Relevance of urinary S100B protein levels as a short-term prognostic biomarker in asphyxiated infants treated with hypothermia

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Abstract

The initial diagnosis of neonatal hypoxic-ischemic encephalopathy is based on nervous system clinical manifestations. The use of biomarkers to monitor brain injury and evaluate neuroprotective effects allows early intervention and treatment. This study was designed to determine the short-term prognostic significance of urinary S100B calcium-binding protein (S100B) in asphyxiated newborns treated with hypothermia.

An observational prospective study was conducted over a period of 5 years in 31 newborns with hypoxic-ischemic encephalopathy who received therapeutic hypothermia. The patients were divided into 2 groups: Group A (13 newborns with a normal neurological examination before discharge) and Group B (18 newborns who died during admission or had an abnormal neurologic examination before discharge). Urinary S100B was the main variable, serum S100B and neuron-specific enolase (NSE) were considered as secondary variables, and all of them were assessed on the first 3 days of life. The newborns were subsequently divided into groups with normal and abnormal electrophysiological and imaging findings.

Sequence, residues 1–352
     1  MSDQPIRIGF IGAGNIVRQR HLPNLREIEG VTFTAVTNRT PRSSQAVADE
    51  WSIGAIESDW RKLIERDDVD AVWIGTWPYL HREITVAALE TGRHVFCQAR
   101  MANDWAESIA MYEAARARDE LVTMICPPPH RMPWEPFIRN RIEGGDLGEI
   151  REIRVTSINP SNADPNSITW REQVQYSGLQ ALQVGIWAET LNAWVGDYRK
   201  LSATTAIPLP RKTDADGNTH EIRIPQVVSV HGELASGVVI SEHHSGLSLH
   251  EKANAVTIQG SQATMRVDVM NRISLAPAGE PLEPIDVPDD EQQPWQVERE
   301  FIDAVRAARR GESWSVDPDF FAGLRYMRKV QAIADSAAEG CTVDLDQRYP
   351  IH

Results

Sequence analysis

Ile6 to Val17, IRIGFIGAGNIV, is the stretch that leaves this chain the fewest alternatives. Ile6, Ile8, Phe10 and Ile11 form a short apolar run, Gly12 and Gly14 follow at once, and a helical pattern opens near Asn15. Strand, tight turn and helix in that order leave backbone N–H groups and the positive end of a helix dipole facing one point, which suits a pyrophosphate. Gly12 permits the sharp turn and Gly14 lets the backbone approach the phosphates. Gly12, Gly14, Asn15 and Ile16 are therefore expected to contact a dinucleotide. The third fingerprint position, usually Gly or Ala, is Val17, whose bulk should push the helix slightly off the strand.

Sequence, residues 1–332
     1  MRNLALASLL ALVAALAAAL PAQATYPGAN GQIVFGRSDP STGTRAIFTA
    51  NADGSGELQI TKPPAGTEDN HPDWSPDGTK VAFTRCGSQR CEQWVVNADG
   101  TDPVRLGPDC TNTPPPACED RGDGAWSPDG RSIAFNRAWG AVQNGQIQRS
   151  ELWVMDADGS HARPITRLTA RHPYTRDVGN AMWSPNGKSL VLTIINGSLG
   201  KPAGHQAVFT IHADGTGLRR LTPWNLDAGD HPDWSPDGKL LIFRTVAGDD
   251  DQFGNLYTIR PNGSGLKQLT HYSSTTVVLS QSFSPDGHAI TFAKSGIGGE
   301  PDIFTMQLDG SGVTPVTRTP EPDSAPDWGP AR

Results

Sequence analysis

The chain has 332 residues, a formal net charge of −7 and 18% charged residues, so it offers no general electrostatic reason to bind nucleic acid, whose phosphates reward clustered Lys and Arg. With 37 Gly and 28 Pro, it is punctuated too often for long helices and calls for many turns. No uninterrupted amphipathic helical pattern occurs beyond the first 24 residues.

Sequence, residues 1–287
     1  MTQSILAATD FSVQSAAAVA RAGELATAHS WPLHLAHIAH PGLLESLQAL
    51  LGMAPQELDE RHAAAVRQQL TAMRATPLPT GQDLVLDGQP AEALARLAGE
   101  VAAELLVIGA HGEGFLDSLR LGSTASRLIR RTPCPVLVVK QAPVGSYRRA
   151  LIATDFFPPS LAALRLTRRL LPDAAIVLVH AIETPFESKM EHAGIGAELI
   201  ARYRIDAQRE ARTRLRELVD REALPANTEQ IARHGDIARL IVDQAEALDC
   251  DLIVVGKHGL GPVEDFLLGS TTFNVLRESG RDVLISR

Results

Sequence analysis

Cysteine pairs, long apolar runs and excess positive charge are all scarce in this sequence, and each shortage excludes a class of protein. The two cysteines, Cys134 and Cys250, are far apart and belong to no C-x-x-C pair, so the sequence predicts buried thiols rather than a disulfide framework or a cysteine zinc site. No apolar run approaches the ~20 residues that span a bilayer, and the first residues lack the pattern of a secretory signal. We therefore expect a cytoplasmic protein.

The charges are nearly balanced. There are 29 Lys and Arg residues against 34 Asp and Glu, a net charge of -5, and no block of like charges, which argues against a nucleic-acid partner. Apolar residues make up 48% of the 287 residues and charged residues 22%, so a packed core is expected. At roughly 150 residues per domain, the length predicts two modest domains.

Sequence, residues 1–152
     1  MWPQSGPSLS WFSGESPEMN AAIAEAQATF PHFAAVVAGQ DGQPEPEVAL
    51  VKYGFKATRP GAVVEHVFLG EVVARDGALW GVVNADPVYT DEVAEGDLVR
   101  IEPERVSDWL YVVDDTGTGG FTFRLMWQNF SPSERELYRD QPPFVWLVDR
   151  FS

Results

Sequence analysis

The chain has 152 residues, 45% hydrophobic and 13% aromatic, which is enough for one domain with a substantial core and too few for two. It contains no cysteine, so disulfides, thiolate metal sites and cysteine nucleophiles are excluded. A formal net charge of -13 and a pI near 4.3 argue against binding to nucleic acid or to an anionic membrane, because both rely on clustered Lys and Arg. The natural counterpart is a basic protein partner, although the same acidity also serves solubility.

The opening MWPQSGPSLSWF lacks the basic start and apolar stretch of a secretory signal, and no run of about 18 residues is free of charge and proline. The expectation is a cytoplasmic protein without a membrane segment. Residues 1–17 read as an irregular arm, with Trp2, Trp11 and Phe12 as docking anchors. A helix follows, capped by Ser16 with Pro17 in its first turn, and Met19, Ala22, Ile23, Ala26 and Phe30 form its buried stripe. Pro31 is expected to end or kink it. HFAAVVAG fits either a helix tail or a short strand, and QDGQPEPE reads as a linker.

Mean urinary S100B levels were significantly higher in group B than group A on day 1 (10.58 ± 14.82 vs 4.65 ± 9.16 μg/L, P = .031) and day 2 (5.16 ± 7.63 vs 0.88 ± 2.53, P = .002). The optimal cutoff for urinary S100B on day 1 was >1.11 μg/L of (sensitivity, 100%; specificity 60%) for the prediction of neonatal death and < 0.66 μg/L (sensitivity 83% and specificity 70%) for the prediction of a normal neurological examination before discharge. It was not possible to calculate cutoffs with a similar accuracy for serum S100B or NSE. Urinary S100B on day 1 was higher in patients with abnormal magnetic resonance imaging findings (7.89 ± 8.09 vs 4.49 ± 9.14, P = .039) and abnormal positron emission tomography findings (8.60 ± 9.29 vs 4.30 ± 8.28, P  = .038). There were no significant differences in S100B levels between patients with normal and abnormal electroencephalography results.

Urinary S100B measured in the first days of life can predict neonatal death and short-term prognosis in asphyxiated newborns treated with hypothermia. The method is convenient, noninvasive, and has a higher sensitivity and specificity than measurement of serum S100B or NSE.

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